Castro Camera

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Castro Camera
Castro camera exterior.jpg
Castro Camera storefront, as recreated for the 2008 film, Milk
General information
Address 575 Castro Street
Town or city Castro District, San Francisco, California
Country United States of America
Construction started 1972
A color photograph of Milk with long hair and handlebar moustache with his arm around his sister-in-law, both smiling and standing in front of a storefront window showing a portion of a campaign poster with Milk's photo and name
Harvey Milk, here with his sister-in-law in front of Castro Camera in 1973, had been changed by his experience with the counterculture of the 1960s. His store was used as his campaign headquarters and remains a tourist destination to date.

Castro Camera was a camera store in the Castro District of San Francisco, California, operated by Harvey Milk from 1972 until his assassination in 1978. During the 1970s the store became the center of the neighborhood's growing gay community, as well as campaign headquarters for Milk's various campaigns for elected office.

History[edit]

Milk, an avid amateur photographer,[1] was disappointed over a developer ruining a roll of film. With his then-partner, Scott Smith, Milk opened the store in 1972, using the last $1,000 of their savings. The store soon became a focus of the growing influx of young gay people, who were coming from across the US to the Castro, where their sexual orientation was accepted.[2]

Beyond selling cameras and film, Milk turned the store into a social center, and a refuge for new arrivals.[2][3] He also made it an official polling station for San Francisco elections.[4] Because he was so well known for his civic involvement promoting gay businesses and gay consumers, Milk soon became known unofficially as the "Mayor of Castro Street".[2] Daniel Nicoletta, the photographer best known for chronicling Milk and his times, first met Milk as a patron of the store, then later worked there as a store assistant and campaign worker.[1] Another customer, Anne Kronenberg, who later became Milk's campaign manager, also met Milk at the store, and described her first impression of him as a "raving maniac".[5] Other members of Milk's inner circle such as Cleve Jones and his speechwriter Frank Robinson met, befriended, and worked with Milk at the store.[6][7]

Post-1978[edit]

Castro Camera interior, as recreated for the film, Milk

The location at 575 Castro Street, a Human Rights Campaign Store as of 2011,[8] was recreated as a set for Milk, the biopic of Milk's life.[9] The sparse set, carefully built to original detail including an old red couch and barber's chair,[10] drew the attention of many local residents who remembered the original.[6] The modern-day shop owner and film crew also described seeing a ghost at the store, whom they assumed to be Milk.[11][12]

A memorial plaque outside of the former Castro Camera store

A metal plaque set into the sidewalk in front of the store memorializes Milk,[13] and the location has been used as the stepping-off point for an annual memorial march on the date of his death.

Artifacts from Castro Camera, including Milk's barber chair, a collection of antique cameras that was displayed at the store and the front panel of the awning bearing the name of the shop, are preserved in the holdings of the GLBT Historical Society, a museum, archives and research center in San Francisco. The society displayed the camera collection in an exhibition it devoted to Milk in 2003, "Saint Harvey: The Life and Afterlife of a Modern Gay Martyr."[14] In addition, the art director for Milk consulted the collection when creating props for the Castro Camera set.[15]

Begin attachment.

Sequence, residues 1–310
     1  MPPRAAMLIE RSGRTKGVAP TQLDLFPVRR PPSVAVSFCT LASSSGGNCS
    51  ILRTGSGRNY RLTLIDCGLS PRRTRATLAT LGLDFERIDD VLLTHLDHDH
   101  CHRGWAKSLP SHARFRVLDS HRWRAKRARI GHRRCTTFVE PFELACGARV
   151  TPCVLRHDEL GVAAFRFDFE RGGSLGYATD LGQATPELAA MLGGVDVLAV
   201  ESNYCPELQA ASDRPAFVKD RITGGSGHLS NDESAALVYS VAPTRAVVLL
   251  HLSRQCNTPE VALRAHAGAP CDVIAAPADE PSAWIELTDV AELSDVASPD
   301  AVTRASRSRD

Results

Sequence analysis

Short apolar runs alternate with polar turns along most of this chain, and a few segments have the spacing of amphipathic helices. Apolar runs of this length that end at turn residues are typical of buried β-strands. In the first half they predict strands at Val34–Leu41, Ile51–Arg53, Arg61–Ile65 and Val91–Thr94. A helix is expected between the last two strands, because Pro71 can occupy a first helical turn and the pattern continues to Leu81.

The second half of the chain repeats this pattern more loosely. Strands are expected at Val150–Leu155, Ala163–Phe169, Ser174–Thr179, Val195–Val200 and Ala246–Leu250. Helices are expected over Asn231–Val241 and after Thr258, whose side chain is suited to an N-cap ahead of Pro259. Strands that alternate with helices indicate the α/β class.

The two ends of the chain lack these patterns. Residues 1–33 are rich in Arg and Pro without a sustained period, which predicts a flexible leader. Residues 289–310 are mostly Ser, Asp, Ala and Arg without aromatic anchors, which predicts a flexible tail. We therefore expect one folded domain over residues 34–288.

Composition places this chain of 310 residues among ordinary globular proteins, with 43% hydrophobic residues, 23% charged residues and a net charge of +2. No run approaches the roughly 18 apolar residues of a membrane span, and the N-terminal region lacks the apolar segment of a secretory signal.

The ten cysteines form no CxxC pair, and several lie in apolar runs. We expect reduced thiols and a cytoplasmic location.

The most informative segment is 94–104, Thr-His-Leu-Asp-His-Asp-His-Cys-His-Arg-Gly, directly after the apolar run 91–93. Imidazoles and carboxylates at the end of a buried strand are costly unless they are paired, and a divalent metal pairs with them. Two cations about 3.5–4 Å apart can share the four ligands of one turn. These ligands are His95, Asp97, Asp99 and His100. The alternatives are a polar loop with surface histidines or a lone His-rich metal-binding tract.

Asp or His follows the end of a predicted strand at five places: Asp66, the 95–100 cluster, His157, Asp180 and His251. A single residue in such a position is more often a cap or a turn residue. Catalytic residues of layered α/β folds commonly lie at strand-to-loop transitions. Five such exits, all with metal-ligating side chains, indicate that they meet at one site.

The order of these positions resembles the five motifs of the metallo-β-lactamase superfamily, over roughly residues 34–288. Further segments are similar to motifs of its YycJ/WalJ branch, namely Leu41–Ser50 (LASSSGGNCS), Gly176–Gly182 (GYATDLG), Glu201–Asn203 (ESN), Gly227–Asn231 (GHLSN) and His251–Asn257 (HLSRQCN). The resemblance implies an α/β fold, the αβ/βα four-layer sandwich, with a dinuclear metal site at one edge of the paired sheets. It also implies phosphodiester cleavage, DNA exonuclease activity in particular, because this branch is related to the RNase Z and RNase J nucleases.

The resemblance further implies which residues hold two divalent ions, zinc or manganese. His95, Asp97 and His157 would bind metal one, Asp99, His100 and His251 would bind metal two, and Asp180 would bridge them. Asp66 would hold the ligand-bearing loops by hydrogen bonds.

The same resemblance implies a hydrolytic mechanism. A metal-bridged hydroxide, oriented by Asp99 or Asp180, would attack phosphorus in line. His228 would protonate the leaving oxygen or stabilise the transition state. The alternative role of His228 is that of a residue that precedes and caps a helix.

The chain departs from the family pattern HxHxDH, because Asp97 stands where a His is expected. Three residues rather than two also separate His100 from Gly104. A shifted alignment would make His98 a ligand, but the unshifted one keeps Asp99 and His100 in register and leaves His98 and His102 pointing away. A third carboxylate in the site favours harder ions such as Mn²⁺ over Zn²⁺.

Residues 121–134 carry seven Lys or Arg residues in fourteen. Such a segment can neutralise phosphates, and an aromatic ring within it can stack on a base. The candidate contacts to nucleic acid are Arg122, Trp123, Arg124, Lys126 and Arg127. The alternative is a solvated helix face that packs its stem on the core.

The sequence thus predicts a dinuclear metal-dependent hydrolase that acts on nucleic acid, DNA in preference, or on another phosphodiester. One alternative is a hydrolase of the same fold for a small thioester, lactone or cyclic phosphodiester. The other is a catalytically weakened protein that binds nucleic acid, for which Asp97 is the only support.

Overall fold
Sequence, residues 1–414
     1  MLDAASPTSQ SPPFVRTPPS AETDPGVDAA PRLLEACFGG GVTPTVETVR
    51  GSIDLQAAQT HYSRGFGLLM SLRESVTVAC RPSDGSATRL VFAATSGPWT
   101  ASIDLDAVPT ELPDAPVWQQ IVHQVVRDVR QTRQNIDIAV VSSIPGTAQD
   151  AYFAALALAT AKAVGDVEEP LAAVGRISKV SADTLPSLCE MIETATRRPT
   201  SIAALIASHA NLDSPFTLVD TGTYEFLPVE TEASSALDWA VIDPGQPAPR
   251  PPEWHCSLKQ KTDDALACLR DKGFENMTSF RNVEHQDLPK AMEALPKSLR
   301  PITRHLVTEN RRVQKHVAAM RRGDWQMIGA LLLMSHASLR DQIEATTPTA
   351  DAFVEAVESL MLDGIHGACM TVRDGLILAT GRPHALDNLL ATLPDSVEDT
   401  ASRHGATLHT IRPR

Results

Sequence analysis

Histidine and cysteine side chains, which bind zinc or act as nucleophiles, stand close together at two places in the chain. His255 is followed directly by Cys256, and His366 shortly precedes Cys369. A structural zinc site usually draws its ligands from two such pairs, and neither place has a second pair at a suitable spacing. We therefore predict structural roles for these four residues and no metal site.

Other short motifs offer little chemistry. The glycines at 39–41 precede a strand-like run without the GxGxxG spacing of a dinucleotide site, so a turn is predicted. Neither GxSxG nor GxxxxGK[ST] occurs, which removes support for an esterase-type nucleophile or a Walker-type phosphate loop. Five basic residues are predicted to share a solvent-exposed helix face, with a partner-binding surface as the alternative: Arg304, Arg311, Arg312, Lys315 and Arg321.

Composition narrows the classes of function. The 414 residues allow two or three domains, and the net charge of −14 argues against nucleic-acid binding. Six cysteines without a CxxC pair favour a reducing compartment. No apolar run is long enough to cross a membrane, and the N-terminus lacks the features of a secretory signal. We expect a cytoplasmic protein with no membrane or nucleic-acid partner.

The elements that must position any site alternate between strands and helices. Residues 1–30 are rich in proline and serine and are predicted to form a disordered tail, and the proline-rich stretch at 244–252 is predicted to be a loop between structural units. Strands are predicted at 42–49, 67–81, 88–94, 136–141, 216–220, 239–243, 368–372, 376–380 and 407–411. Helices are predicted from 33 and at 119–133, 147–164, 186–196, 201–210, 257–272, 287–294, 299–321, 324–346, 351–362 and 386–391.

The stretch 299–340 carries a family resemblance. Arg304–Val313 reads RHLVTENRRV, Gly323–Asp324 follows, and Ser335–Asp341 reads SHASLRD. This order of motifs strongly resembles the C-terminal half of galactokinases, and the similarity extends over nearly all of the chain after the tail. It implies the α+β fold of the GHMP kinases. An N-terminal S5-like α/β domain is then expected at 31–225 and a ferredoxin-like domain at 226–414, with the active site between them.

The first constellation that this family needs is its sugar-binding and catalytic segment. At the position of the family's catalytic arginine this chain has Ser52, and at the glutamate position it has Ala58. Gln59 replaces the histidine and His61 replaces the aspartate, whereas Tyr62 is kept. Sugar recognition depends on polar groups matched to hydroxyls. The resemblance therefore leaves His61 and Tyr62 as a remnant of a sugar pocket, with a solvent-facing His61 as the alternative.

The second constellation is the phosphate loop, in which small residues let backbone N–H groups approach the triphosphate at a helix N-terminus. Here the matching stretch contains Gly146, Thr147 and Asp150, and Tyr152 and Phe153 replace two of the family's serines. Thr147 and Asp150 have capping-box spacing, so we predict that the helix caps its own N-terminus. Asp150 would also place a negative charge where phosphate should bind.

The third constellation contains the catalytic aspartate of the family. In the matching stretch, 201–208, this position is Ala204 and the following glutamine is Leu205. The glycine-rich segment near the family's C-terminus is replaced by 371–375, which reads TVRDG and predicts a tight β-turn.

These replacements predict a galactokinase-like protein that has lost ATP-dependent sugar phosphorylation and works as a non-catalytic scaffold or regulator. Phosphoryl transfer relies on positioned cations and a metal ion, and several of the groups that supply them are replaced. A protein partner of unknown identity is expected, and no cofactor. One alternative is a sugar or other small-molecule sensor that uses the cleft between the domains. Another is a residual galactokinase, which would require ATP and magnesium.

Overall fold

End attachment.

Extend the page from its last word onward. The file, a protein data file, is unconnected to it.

References[edit]

  1. ^ a b Johnny Ray Huston (2008-11-19). "Hot flash gallery:The Milk Issue: Now and then in the photography of Daniel Nicoletta". San Francisco Bay Guardian. 
  2. ^ a b c Randy Shilts (1988). The Mayor of Castro Street:the Life and Times of Harvey Milk. Macmillan. ISBN 978-0-312-01900-6. 
  3. ^ Meredith May (2003-11-27). "From Milk's times to our times:Hard to fathom gay rights gains since 'St. Harvey' fell". San Francisco Chronicle. 
  4. ^ Heather Smith and Bennett Cohen. "The Harvey Milk effect". San Francisco Magazine. 
  5. ^ David Lamble (2008-11-20). "Lesbian at the heart of Milk's posse". Bay Area Reporter. 
  6. ^ a b Sharyn Jackson (2008-11-20). "Milking it:In a new biopic, gay-rights activist Cleve Jones sees an icon honored at last". Time Out New York. 
  7. ^ Andrew Davis (2008-11-20). "Frank Robinson on Harvey Milk". Windy City Times. 
  8. ^ "Harvey Milk’s Shop, Center of a Movement, Is Now the Center of an Internal Fight". NY Times. 2010-12-19. 
  9. ^ Steven Winn (2008-01-30). "Picturing Harvey Milk:Filming of movie evokes memories, emotions in the Castro". San Francisco Chronicle. 
  10. ^ Anne Kronenberg. "Everybody Needed Milk". Leyland Publications. 
  11. ^ "Harvey Milk's ghost stops by film set". 3 News. 2008-11-13. 
  12. ^ Teeman, Tim (2009-01-17). "Harvey Milk's San Francisco". London: The Times. Retrieved 2010-04-28. 
  13. ^ Sam Whiting (2000-06-23). "Where History Was Made:A tour of 41 points of gay interest all across the city". San Francisco Chronicle. 
  14. ^ Delgado, Ray (2003-06-06). "Museum opens downtown with look at 'Saint Harvey'; exhibitions explore history of slain supervisor, rainbow flag". San Francisco Chronicle. Retrieved 2011-07-09. 
  15. ^ Koskovich, Gérard (2009-03-02). "A quoi sert un centre d'archives? Le film de Gus Van Sant donne une réponse," Yagg.com; consulted 2011-07-15.

External links[edit]


Coordinates: 37°45′35″N 122°26′05″W / 37.759786°N 122.43468°W / 37.759786; -122.43468